In the field of learning and performance, there are a number of ways to train and develop employees. A number of professional organizations and educational institutions are interested in supporting online learning communities to enhance learning and development for “the workforce of tomorrow.” This often results in going to where the communities are already active online, i.e. social media. A number of social spaces, including blogs, videos, microblogs, and photo sharing websites, have been repurposed for training and development by the community. One of the largest areas for professional development has been on Twitter with users aggregating around a hashtag to form a community. In higher education, a number of Twitter-based communities of practice are emerging as the “combination of improved facility and user flexibility has created an environment in which networks and communities, albeit of a restricted kind, can flourish (Lewis & Rush, 2013).
It is no wonder why we see The #SAChat January Twitter Challenge #SAchallenge appear with the start of the new year. Although I’ve been loosely off the social grid for the holidays, I tuned back in to find these January #SAChallenge prompts posted to get connected and involved on Twitter:
During the month of January, we will be tweeting out various challenges and ideas of ways you can engage on Twitter – starting with basic how-tos and moving towards looking at different ways to engage through the medium. Each weekday will bring at least one “challenge” – something you can do to either learn more about using Twitter or to refresh yourself and make you think about using it differently, especially within the #SAChat community. We’ll be posting the challenges here if you miss one and want to catch up.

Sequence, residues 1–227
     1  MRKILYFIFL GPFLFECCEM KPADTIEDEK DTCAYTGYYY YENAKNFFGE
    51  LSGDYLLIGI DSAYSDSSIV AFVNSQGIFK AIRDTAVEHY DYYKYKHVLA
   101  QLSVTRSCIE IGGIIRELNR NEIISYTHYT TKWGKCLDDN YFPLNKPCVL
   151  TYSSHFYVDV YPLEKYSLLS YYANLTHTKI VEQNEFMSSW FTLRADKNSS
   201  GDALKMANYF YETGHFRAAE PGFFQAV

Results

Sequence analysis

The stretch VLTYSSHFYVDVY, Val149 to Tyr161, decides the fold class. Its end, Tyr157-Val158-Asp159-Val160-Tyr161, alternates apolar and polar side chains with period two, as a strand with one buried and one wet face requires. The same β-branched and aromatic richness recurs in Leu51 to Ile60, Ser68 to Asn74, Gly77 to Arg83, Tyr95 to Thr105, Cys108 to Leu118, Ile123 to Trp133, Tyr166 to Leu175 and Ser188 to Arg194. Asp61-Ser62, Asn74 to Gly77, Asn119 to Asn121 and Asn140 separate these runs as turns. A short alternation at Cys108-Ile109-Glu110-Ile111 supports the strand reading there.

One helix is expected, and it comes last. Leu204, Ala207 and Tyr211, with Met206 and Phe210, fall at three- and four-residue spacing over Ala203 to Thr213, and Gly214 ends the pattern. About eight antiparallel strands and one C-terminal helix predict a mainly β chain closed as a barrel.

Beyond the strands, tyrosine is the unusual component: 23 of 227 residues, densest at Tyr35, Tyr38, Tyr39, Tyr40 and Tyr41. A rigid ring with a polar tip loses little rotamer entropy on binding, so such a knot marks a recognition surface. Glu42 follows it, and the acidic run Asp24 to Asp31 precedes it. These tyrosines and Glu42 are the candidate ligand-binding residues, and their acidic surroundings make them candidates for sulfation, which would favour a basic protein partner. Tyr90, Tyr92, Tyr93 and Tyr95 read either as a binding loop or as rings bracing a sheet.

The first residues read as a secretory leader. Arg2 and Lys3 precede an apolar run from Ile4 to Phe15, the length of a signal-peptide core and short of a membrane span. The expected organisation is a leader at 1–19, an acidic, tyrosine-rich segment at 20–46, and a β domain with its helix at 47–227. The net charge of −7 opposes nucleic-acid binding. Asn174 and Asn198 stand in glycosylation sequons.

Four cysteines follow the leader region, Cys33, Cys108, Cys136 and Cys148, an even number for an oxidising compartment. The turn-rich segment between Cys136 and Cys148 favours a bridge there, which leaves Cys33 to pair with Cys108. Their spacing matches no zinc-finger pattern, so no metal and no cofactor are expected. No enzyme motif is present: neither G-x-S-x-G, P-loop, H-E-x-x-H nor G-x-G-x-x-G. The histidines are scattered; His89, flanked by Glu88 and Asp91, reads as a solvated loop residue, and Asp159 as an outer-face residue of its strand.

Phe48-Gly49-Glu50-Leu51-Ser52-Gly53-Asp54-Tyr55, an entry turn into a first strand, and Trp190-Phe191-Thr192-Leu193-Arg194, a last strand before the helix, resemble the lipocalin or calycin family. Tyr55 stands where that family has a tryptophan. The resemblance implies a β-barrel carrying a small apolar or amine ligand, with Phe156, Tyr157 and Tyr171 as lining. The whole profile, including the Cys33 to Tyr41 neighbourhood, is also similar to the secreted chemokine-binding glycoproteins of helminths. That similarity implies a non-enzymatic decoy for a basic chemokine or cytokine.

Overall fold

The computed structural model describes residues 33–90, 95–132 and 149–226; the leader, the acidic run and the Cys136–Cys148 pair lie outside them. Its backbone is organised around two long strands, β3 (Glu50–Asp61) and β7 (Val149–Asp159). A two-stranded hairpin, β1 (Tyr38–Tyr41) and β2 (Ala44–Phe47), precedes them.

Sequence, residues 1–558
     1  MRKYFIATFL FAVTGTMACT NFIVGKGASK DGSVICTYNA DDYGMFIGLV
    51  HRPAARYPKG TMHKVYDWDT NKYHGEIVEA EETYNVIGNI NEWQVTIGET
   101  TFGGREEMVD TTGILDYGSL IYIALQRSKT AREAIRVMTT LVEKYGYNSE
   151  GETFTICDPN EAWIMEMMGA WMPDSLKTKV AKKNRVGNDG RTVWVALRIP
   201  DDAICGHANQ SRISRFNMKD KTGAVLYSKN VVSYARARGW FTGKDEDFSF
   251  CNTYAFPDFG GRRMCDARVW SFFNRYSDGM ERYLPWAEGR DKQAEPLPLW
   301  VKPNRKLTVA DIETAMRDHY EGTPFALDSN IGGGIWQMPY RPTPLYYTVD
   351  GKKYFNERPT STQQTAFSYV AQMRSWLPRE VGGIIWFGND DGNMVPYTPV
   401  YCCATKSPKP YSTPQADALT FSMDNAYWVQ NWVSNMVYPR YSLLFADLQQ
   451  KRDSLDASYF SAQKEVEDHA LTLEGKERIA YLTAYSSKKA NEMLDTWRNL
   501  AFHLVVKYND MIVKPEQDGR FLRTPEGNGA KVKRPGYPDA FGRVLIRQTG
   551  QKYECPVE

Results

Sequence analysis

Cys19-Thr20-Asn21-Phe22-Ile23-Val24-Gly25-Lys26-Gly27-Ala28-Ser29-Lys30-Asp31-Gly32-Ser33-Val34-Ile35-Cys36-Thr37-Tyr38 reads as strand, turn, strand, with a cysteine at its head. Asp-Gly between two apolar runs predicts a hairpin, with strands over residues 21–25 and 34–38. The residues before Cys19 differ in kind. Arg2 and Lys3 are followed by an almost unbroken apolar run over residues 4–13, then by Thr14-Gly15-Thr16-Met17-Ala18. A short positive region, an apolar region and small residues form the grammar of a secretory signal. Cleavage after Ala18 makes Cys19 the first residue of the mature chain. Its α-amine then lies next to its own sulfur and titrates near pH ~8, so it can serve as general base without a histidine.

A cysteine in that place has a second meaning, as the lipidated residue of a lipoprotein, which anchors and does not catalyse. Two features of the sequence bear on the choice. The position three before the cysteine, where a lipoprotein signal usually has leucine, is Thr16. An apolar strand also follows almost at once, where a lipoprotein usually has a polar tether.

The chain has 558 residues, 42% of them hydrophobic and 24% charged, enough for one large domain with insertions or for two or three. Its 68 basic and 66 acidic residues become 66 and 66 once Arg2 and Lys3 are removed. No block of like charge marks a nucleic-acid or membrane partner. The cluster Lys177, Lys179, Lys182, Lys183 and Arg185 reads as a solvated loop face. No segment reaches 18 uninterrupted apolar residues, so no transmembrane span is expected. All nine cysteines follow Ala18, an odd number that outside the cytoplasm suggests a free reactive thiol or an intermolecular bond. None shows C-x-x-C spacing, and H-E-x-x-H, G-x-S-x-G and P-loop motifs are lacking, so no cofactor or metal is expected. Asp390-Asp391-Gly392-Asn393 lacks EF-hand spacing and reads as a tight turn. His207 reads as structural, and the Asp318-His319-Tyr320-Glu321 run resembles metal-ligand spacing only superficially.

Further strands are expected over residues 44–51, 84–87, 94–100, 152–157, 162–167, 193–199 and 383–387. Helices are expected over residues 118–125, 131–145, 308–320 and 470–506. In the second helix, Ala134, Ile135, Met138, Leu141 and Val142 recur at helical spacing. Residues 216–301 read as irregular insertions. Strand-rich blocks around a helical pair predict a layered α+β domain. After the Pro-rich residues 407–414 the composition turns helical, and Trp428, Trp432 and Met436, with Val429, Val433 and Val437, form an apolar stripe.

I applaud the @The_ SA_Blog community managers for facilitating the #sachallenge. To best support learning and development, The SA Collective L-Team are actively supporting their online subscribers and cultivating the #SAchat hashtag, by utilizing these key community management skills:
- Listen. It might be a great space to broadcast and disseminate content – but that’s not how you hold a conversation. What do people what to talk about, not just receive? What is the online community engaged in? What are the conversations about online? Take a minute to read and learn from others online.
- Participate. You need to be a community member, too. Try to join conversations as a peer contributor, not a facilitator. Contribute useful ideas, articles, research, and more. Your online community will want you to be actively sharing online like others in their learning community.
- Include. Let others help find and create content, guide conversation, start new discussions. It’s a change for many of us in the field who what to “lead” the professional development experience, but will pay off in a more vibrant, sustainable community. Encourage members of the community to be the active voice.